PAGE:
Boil water advisory enters second month

“Glacial silt and debris and sand” the source of turbidity

  • Jan. 12, 2015 12:00 p.m.

Scott Stanfield

Record Staff

A month has passed since the Comox Valley Regional District issued a boil water advisory. The problem is elevated levels of turbidity in Comox Lake, referring to suspended particles picked up by water as it passes through streams and rivers in a watershed.

“It’s basically glacial silt and debris and sand,” said Mike Herschmiller, the CVRD’s manager of water services. “It is from the bottom of the lake, as well as from the sides of the tributary rivers.”

He notes dirty water had come into Perseverance Creek on the Cumberland side, which led officials to believe there had been a slide in the area.

After the recent storm, Herschmiller also notes Comox Lake was the same temperature at the surface as it was at 30 metres.

“Which means that it probably did stir up a lot of silt that was on the bottom of the lake. We had very similar turbidity readings from top to bottom. The temperature was a telltale thing. We do temperature testing, and there’s always quite a variance.”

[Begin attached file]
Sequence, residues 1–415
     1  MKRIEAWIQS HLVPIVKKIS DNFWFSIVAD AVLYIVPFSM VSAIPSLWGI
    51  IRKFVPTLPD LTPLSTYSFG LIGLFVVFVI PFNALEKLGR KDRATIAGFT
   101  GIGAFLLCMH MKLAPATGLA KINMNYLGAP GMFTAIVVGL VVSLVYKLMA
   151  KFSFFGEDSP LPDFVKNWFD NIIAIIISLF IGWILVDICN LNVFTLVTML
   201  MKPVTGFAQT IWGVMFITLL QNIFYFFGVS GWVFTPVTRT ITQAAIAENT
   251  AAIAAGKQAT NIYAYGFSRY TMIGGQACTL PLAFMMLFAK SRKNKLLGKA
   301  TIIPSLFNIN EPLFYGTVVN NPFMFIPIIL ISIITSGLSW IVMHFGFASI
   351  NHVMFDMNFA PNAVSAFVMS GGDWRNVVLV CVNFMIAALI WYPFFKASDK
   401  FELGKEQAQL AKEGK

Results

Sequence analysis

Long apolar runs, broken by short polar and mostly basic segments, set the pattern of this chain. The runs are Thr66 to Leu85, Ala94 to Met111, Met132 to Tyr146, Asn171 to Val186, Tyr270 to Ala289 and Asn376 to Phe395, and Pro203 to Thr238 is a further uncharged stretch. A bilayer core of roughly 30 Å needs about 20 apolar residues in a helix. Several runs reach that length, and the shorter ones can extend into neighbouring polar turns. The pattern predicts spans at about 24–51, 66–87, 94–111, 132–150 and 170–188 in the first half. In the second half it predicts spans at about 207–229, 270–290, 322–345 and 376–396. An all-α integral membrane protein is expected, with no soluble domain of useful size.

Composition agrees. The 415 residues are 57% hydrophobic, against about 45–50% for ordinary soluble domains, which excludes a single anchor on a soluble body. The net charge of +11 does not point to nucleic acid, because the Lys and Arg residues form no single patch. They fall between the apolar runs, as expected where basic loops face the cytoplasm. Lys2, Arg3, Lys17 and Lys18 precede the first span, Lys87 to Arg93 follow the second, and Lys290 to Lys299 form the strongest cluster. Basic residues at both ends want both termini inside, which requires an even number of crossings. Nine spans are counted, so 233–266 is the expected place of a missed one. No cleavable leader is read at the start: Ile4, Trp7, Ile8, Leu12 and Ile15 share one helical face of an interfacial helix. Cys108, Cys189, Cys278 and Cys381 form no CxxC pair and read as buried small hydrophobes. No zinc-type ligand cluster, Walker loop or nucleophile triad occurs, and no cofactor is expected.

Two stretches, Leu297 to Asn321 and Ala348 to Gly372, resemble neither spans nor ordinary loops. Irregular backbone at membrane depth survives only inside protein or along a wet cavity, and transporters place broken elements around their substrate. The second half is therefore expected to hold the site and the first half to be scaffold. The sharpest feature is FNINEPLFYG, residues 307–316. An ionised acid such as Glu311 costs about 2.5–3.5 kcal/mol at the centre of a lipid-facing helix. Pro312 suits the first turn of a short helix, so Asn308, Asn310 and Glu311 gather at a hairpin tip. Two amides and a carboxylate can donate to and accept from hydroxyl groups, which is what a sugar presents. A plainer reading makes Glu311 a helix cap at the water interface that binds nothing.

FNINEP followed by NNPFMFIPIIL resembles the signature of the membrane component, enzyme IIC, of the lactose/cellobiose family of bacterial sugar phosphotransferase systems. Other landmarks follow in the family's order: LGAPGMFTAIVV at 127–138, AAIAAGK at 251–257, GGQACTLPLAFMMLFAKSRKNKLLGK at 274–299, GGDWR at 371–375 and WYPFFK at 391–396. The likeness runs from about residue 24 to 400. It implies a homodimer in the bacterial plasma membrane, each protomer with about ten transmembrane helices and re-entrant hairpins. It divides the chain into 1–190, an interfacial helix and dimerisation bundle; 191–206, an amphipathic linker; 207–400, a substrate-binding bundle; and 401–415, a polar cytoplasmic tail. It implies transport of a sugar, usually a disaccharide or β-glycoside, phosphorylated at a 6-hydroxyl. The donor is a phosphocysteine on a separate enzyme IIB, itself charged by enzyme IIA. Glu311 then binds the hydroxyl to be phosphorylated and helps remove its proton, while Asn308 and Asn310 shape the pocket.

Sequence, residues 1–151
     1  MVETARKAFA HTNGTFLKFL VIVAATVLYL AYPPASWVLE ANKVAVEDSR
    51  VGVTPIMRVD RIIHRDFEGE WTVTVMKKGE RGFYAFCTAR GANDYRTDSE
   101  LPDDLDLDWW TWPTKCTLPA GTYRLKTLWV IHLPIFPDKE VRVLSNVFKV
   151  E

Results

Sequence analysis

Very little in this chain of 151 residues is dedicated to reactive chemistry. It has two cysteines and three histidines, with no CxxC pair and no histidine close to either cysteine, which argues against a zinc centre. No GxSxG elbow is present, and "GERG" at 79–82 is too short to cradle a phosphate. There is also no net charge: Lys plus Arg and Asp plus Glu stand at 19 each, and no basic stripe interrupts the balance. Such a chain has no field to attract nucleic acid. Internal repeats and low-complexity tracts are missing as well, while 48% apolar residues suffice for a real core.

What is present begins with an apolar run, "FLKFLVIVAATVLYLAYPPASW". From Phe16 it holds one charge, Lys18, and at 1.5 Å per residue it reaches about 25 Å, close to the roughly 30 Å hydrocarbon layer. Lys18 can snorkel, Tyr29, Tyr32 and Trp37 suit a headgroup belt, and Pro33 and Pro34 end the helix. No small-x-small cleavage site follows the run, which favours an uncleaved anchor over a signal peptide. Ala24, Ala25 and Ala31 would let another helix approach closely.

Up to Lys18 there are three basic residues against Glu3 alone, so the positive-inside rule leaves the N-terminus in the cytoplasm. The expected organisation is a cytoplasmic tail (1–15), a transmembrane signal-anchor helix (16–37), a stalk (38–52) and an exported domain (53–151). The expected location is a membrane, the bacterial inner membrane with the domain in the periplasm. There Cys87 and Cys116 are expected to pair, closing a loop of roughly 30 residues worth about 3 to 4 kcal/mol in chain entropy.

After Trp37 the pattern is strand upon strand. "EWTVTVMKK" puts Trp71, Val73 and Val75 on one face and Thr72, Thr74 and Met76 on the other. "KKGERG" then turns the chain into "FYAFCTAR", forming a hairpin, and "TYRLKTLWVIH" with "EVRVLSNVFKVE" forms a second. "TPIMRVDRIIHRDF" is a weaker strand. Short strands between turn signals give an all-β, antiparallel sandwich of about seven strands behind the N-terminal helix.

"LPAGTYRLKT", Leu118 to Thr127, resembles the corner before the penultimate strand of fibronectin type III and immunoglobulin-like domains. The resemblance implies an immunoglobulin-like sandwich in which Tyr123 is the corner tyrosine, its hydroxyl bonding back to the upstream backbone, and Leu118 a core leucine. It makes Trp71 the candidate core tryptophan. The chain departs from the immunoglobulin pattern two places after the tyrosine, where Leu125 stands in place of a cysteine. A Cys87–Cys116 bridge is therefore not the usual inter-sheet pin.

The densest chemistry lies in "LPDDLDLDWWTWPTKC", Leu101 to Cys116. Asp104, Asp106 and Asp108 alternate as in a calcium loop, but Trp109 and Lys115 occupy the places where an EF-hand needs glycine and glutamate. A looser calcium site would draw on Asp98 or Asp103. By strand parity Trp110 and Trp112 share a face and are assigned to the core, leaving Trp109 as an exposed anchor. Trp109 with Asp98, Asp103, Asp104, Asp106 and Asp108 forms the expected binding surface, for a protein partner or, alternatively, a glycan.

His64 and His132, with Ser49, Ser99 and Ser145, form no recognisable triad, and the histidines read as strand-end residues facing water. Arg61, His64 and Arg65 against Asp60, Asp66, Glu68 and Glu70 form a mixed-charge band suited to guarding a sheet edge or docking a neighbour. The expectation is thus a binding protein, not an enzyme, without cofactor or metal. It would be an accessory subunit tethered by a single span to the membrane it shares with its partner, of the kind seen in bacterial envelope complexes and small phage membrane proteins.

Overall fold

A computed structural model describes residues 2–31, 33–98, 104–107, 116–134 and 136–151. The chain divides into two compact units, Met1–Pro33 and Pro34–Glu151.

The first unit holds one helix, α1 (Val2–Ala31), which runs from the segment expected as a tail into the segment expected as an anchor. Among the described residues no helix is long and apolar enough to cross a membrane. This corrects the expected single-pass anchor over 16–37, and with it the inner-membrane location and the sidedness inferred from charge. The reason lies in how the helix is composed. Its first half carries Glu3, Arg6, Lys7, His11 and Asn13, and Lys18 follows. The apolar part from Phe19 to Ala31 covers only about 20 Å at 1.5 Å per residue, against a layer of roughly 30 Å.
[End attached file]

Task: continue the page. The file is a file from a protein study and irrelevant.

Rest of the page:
A recent log cleanup at the mouth of the reservoir is not connected with the advisory.

“That was BC Hydro’s log boom that had stopped a bunch of logs that had come down from the canyon, from the Cruikshank, from Perseverance,” Herschmiller said. “Wind will blow logs on the lake edge. Because it was so high, it brought in all that loose debris.”

Some of the logs appeared to have been in the lake for a lengthy period of time; others were new.

“We are dropping so slowly,” Herschmiller said of the turbidity levels. “We’re not even probably a .1 a day ntu.”

The level was 1.51 Monday morning. Saturday was 1.6. The safety level is one, or very close to it.

“We are definitely dropping, but it is taking a long, long time. It’s been a rough go. We hope this thing ends.”

The advisory is in place largely because the risk is elevated for those with compromised immune systems.

Users are advised to boil water for one minute at a rolling boil.

More information is available at The CVRD’s Facebook and Twitter pages are updated at least once a day with the latest information on the advisory. Visit and


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